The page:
Somehow, we got on to the subject of disposable underwear.
And that was it. We were off.
Those babies are now a tall, beautiful eighteen-year-old girl and a 6 foot 2” well-muscled heavy metal drummer. Lisa and I are still friends. We hardly ever see each other, but when we do, it’s as if not a moment has gone by.
From loneliness to friendship
When we had a toddler and a baby, we relocated and it was really hard for me to say goodbye to established friendships.
Back home, I could pick up the phone and have someone on the doorstep in ten minutes. Suddenly, I found myself in the middle of nowhere, where the only person I knew was the estate agent who’d sold us the house.
My attitude when I walked into the groups for the first time was exactly the opposite of Isabella M Smugge. I wasn’t wearing designer clothing, I looked as though I had been dragged through a shrubbery at speed and I had virtually no confidence.
I needed friends.
I yearned for people I could text about parenting problems like copious weeing around the toilet, refusal to have a nap in anything except a musical vibrating chair and where to buy nappies which held more than an ounce of faecal matter.
Church and toddler group were the places which helped me to start making new friendships, and many of these women are still dear friends to this day.
From judgemental to grateful
I’m very fond of Isabella.
She is pretentious and a bit of a snob, but it’s amazing to see what her friendships (with Claire the vicar’s wife and Lauren her fellow school mum) do for her. It isn’t long before she’s blossoming, becoming kinder, funnier, more generous.
True friends can see us at our worst and still love us. A shared history of jokes, anecdotes, memories, ups and downs build up strong friendship foundations which can last a lifetime.
You never know who might become a friend.
Judging by appearances is a really silly thing to do. Everyone’s got a story. These are lessons I’ve learned about friendship and I think Isabella has learned them too.
Enjoy your friends, more than ever in these strange times. Mine are more precious than rubies, more treasured than gold.
“Perfume and incense bring joy to the heart, and the pleasantness of a friend springs from their heartfelt advice.” Proverbs 27:9.
Lucy says: “The Diary of Isabella M Smugge is an absolutely brilliant read – especially for anyone who’s ever stood awkwardly on a school playground! Grab your copy here.”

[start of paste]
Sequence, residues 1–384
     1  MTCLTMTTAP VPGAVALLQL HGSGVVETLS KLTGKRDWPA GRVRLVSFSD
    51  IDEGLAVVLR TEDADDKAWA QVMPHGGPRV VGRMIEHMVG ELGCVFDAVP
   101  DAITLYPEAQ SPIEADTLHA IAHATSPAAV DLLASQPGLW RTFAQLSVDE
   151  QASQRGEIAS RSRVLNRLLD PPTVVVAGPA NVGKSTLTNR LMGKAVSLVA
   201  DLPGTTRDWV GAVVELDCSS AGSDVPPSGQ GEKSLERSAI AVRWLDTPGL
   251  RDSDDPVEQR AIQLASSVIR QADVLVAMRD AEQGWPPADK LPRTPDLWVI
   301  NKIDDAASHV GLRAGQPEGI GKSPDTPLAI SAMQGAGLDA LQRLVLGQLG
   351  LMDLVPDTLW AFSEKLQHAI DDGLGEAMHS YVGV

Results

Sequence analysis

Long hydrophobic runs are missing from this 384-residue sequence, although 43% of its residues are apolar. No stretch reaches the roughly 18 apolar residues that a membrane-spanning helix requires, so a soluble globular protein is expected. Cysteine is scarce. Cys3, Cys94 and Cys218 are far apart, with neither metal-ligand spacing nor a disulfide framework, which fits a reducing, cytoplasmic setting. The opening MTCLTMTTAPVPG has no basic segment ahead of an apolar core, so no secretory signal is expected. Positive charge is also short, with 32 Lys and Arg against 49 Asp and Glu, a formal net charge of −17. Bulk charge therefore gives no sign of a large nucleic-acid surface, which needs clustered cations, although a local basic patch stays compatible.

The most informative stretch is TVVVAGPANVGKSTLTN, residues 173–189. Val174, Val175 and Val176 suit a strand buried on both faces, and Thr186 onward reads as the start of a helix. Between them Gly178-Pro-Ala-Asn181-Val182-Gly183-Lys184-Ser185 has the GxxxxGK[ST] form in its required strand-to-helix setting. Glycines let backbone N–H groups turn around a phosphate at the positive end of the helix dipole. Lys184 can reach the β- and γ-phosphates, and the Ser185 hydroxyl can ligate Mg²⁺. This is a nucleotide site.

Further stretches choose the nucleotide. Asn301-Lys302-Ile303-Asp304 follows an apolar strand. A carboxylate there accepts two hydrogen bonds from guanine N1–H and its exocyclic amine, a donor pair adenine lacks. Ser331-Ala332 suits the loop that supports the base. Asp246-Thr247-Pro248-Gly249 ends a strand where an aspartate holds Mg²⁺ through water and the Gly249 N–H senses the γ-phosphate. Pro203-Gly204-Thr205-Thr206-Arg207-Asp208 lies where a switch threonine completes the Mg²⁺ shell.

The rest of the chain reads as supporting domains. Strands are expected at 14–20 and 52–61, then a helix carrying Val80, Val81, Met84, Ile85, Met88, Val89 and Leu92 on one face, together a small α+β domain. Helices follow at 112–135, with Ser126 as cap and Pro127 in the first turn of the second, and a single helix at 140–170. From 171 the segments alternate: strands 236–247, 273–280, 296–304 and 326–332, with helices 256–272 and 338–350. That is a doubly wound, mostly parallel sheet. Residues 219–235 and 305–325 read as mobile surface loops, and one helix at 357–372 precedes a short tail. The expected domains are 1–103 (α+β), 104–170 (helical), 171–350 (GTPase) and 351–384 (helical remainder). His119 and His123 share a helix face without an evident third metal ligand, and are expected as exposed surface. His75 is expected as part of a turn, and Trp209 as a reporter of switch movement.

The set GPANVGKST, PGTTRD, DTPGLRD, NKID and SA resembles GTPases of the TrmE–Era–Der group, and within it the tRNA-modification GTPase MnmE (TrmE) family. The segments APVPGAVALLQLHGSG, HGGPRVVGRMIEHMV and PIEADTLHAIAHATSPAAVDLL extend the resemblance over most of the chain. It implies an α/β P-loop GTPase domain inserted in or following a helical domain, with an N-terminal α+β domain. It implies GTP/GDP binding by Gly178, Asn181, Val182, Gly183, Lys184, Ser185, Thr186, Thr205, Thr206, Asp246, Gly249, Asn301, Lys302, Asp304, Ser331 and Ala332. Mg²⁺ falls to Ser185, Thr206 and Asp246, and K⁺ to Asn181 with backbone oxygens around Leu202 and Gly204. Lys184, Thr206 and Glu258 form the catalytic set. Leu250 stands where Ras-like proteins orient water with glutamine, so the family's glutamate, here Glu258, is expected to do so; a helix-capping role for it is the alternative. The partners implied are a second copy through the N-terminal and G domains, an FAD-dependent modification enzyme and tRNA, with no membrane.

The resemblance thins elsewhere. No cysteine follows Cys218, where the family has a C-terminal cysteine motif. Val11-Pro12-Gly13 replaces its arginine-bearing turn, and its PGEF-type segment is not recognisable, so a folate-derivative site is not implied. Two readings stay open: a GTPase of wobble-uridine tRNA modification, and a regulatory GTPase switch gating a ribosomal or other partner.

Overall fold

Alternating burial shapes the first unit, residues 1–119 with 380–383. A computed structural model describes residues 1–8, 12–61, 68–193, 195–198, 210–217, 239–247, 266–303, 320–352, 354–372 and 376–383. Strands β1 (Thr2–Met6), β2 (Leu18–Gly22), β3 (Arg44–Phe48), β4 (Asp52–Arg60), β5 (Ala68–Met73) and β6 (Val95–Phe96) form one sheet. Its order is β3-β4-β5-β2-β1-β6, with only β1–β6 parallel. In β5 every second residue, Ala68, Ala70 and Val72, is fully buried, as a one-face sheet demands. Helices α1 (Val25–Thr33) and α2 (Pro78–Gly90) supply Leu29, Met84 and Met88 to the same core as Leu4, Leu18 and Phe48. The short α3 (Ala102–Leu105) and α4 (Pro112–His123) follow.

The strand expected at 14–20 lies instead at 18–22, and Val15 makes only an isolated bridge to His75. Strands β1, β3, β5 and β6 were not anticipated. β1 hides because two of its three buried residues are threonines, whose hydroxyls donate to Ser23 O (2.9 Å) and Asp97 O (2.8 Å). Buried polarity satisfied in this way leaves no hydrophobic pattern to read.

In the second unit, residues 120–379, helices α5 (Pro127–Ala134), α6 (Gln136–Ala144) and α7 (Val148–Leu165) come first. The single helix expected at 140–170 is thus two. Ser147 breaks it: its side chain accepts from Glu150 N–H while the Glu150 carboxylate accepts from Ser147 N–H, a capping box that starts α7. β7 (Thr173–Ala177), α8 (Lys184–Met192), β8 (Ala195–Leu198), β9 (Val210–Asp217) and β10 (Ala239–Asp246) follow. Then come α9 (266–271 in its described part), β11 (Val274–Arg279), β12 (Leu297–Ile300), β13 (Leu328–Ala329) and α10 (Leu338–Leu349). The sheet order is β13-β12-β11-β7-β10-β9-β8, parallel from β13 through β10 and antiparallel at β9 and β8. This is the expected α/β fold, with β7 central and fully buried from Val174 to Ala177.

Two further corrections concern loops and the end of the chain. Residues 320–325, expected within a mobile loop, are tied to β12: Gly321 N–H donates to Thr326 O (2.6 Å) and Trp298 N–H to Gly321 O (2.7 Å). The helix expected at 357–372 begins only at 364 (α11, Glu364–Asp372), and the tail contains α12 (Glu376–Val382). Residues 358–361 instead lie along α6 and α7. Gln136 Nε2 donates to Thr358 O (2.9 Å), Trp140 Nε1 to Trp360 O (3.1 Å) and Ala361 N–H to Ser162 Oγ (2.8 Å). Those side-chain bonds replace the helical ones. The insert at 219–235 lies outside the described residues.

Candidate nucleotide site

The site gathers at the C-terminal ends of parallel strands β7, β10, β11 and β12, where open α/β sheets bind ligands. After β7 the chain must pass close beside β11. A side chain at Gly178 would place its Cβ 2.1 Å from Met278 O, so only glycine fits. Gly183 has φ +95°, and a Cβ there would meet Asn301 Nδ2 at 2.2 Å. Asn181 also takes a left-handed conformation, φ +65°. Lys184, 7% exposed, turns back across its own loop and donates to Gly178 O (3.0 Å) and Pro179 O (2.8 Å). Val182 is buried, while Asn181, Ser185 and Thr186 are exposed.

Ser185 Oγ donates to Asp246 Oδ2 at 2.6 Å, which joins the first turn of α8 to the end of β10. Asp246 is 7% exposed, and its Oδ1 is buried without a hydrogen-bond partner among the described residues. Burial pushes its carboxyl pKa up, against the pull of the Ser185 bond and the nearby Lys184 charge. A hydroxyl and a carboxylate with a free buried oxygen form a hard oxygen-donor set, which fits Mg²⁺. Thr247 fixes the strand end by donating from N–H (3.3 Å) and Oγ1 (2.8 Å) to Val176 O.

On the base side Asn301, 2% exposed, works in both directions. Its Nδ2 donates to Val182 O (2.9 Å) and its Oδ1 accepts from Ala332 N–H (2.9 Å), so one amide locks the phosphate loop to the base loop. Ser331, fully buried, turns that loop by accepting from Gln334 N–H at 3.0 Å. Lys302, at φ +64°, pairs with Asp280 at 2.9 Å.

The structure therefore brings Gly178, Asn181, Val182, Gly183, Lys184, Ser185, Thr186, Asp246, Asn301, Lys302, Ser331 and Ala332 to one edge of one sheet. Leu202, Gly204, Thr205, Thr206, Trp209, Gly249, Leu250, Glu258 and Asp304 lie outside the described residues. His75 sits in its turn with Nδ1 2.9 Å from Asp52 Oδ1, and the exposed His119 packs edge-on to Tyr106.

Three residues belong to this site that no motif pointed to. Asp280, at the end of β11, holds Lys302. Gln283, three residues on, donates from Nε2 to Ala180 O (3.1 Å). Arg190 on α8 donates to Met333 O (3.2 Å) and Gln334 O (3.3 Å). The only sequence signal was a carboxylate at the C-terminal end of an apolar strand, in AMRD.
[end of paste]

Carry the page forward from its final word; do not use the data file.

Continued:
If you enjoy Isabella, you’ll love The Diary of a (Trying to be Holy) Mum!
This was so interesting! I’m reading Isabella right now and enjoying the story.
Thanks Sheila! Isn’t it brilliant? Lx
This is a helpful post, but I feel like we don’t really talk enough about how difficult it can be to find and develop good friendships between mums. Not everyone finds someone that they connect with at a toddler group, church or at the school gate. Sometimes these friendships are with mums with older children or with people who don’t have children and still cheer us on. Sometimes friends drift away and we are left on our own, despite working hard to grow a friendship. We can put good friendships on a pedestal, they can become an idol and, as with everything, they disappoint. Friends can let us down. I know that isn’t the point of the blog post, but it is important to validate and talk about other experiences of friendship – perhaps something you could touch on in the future if you felt it was appropriate.
Thanks Tor. Yes, you make good points, and I agree it is not often talked about. Making friends can be hard in any season, but new motherhood is a particular challenge because it’s a) when we probably need most support, and b) when we’re likely to feel more distanced from other friends (e.g. work colleagues working while we’re on mat leave, school/uni friends not having had kids yet or living in another part of the country etc). For me personally, we had just relocated when we had our first, so I needed to get out there and make friends – fortunately it was relatively easy, and although many of those early friendships were fairly superficial, a handful have stuck, and my three closest friends now are those who I met in the first 2 years of my son’s life. I totally know that I fell on my feet though – it is not always this easy to find like-minded others to hang out with. xx